The slow incline of the ground gave Paul a pained smile. “Of course the whole world turns to hills as I become a-.” Paul closed his eyes and bit his tongue trying to pinpoint through his teeth the pain shooting down his entire body. With a huff, he managed “cripple.”

Paul made his way from large stones to building walls, from Slyph Spire to Slyph Spire, finding that the only way to avoid the pain was when pushing or pulling on something, giving his body a purpose other than looking and feeling feeble. At the top of hill, Paul could see the roof of his haven, its golden-peaked top a mockingly encouraging beacon. How can it be so close yet seem so far away?

He clutched the bag of Slyphic healing stones in his hand and savored every aspect of his body’s misery, cataloging it for later reference. He knew that he would be home soon, and he could not escape the pain before that time. Sure, the stones would alleviate the present soreness, but Paul would lose all consciousness and control after swallowing them, leaving him (one of the world’s most wanted tuners) vulnerable in the middle of devilish Kravashna. So, until he passed through the doors of his safe haven, he would take everything step by step.

With recent steps, Paul had lost the “1,2…1,2” cadence. He began muttering variations on “You are going to die” under his breath to himself like a mantra of comfort which a healer whispers to a man on the verge of death’s cliff. Paul savored each twinge, each shaky step, each stab of pain to the deepest recesses of his essence, and each sharp breath that turned to laughter at his own pathetic condition. If gods and heroes were no longer a source of enlightenment, if sylphs and men alike would not help him, then, Paul concluded,  “this,” the pain, which he presently felt coursing through his entire body like a feverish poison, “will be my enlightenment.”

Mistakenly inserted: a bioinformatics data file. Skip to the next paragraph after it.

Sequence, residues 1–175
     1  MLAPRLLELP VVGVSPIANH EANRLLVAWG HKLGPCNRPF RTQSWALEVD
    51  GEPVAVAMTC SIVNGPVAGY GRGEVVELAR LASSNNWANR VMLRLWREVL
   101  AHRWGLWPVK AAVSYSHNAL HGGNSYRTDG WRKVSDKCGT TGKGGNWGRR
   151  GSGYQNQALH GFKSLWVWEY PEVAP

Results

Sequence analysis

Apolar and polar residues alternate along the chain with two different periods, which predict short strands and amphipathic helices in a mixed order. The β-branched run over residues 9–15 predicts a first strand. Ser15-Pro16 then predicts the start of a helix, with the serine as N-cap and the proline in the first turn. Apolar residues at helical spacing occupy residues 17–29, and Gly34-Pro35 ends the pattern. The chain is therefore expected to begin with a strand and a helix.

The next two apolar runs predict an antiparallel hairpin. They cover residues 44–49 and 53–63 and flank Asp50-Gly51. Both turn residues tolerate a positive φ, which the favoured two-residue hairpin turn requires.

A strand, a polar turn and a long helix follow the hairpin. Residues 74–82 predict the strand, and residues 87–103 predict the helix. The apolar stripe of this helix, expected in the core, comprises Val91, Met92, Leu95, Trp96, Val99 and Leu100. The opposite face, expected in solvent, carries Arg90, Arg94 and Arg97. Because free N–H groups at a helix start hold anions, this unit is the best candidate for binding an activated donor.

As the haven towered before him, Paul’s body was giving in. His body’s defensive magicks were making him wearier with every deliriously sweaty, quavering movement of his body. He could no longer hold himself up without aid. Vainly, his hands braced each leg attempting to hold himself together for just one more second until he could taste the relief of the Slyphic healing stones.

Paul relied on each structure as a crutch, reaching for and falling into them like vertical monkey bars. In his present condition, unaided by man or Slyph, god or hero, Paul found that the only things he, or any other man could rely on, were himself and the land, and even for the land, it was only whatever a man could take from it that he gained. The land, like everything else that wasn’t himself, gave nothing on its own.

At the haven’s gate, Paul held his hand to the magical sensor, and the gates slid open. He walked to the nearest trolley hexed to take the inhabitants to their designated buildings. Paul’s face rippled, cringing as he sat down on the seat of the trolley car. He kept a hand on the lip of the car’s roof as a crutch to hold himself still. As the trolley bumped along, pain erupted in his back as if a steel cable conducted the shock in his lower left back through the remaining mass of his ever-tightening body. In response, the spiritual mechanisms within Paul began numbing. With this, his mind was becoming less and less focused. All that remained was his determination to make it through the doorway.